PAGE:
Now, that's a daunting task, as I said, for any state around the world. Even the U.S. has not actually — with all the effort that is made to deal with terrorism, not got to the position where it says the terrorist threat to the U.S. is over.
Now, in Turkey's case, the fact that it's to the north of two ongoing wars, in Syria and Iraq, where some of the terrorists who are actually also intent on harming Turkey are active makes it so much more difficult for Turkey to try to solve the problem within its borders, given the fact, as I said, that it comes from without.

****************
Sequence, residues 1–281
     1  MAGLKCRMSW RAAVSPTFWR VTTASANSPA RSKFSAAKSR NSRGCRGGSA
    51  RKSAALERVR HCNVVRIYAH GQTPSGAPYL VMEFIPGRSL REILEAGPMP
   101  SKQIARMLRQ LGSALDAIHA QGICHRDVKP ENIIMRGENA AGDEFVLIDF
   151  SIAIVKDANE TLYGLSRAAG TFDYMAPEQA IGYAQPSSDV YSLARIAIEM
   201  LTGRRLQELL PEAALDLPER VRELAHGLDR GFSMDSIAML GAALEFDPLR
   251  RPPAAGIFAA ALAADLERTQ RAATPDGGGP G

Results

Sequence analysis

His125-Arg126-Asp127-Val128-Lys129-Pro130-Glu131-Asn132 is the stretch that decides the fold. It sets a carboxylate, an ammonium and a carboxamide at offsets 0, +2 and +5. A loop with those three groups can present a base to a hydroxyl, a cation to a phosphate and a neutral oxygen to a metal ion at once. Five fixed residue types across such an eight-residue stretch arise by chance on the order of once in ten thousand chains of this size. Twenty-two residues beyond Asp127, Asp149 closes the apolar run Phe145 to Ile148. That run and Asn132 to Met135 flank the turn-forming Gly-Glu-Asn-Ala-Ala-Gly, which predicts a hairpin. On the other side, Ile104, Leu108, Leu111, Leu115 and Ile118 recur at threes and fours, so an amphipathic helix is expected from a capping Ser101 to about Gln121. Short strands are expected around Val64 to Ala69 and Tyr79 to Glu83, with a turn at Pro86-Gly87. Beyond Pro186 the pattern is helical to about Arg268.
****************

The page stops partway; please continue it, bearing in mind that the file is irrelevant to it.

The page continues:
I mean, Erdogan is also, as we speak right now, going through this very lengthy purge of officers up and down the government that he argues were involved in this recent coup attempt. How does that complicate their fight against terrorism within their own borders?
Well, it complicates it immensely, because dealing with these two threats was difficult enough, and then we had a failed coup attempt on July 15.
The government has moved against the followers of Fethullah Gulen that it alleges were involved in this.
This is the religious figure who is here in the U.S. that Erdogan argues was behind the coup.
And the Turkish government has asked for his extradition, and that has not happened so far.
It's one of the reasons why there is tension between Ankara and Washington currently. Now, there has been a purge. The attention of the government has been directed at rooting out of the system those it believes to be involved or are somehow implicated or are sympathetic to the coup.